… is from page 142 of an advance copy of Samuel Gregg’s excellent and important forthcoming book, The Next American Economy: Nation, State, and Markets in an Uncertain World:
In a corporatist world, success depends less on innovation and much more on your institutional clout.
DBx: Indisputably so. In free markets the allocation of resources is informed by prices (including wages) and incited by the prospect of profit and the fear of loss. These prices, profits, and losses are generated by consumers and producers spending their own money, and with no one having the power to compel anyone either to take some action or to refrain from some peaceful action.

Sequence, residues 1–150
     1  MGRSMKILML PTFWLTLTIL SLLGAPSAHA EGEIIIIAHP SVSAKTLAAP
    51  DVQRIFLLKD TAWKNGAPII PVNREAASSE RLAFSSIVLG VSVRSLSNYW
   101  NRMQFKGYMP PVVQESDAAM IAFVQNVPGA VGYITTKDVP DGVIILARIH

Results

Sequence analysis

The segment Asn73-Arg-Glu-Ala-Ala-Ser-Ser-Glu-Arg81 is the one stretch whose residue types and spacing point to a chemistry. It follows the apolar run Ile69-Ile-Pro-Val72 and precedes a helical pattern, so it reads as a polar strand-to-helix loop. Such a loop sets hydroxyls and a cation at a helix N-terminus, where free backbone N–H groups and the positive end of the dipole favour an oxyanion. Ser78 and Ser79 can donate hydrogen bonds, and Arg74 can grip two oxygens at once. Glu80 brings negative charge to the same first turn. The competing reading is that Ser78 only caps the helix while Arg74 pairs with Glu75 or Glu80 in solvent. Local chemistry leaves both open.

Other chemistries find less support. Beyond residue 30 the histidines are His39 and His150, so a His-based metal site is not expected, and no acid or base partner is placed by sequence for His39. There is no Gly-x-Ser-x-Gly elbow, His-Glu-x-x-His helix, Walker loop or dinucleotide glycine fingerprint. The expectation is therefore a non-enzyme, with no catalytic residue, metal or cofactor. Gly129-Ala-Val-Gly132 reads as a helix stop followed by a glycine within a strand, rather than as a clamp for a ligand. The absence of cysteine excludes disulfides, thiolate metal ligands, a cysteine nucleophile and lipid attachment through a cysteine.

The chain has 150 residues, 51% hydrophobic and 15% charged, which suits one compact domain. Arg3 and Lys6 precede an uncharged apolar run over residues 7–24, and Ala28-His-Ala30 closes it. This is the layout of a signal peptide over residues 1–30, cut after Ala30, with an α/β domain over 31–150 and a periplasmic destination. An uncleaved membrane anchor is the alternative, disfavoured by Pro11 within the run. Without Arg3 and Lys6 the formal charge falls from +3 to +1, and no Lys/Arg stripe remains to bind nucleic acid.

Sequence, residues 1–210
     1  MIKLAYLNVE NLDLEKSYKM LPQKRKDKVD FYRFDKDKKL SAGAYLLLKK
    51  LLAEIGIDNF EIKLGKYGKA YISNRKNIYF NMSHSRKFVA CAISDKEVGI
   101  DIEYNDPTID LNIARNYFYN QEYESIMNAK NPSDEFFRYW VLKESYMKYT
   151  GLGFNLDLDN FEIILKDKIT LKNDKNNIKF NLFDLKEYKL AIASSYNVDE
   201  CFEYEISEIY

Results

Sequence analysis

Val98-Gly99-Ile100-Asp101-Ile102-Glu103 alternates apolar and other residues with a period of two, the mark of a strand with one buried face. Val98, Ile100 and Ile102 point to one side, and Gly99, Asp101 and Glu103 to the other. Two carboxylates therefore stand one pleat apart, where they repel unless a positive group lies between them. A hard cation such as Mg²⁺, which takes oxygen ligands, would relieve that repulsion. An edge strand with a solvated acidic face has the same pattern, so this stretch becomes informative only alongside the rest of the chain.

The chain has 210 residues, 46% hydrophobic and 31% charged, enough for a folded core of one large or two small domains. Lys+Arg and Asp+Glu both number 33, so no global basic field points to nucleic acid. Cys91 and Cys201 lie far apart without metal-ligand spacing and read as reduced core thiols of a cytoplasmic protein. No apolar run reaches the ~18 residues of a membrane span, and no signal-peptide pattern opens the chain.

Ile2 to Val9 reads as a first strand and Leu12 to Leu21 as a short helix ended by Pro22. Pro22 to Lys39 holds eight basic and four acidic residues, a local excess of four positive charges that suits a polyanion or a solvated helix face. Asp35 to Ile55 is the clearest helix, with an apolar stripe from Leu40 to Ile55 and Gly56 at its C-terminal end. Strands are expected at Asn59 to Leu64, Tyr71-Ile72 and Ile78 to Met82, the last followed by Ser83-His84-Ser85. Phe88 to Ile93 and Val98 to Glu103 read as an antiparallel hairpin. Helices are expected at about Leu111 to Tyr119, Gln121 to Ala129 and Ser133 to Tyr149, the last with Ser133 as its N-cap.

In stark contrast, under industrial policy – which is a species of corporatism – the information and incentives of the market are forcibly overridden by the commands of politicians and bureaucrats spending other-people’s money. Anyone who believes that resource allocation done by political machinery will be superior – from the perspective of improving the living standards of ordinary men and women – to resource allocation done by the market process lives in a dream world. That person not only has no credible explanation of how government officials will acquire the information that they need in order to allocate resources productively, that person also is as naïve as is a dull pre-schooler about the reality of politics.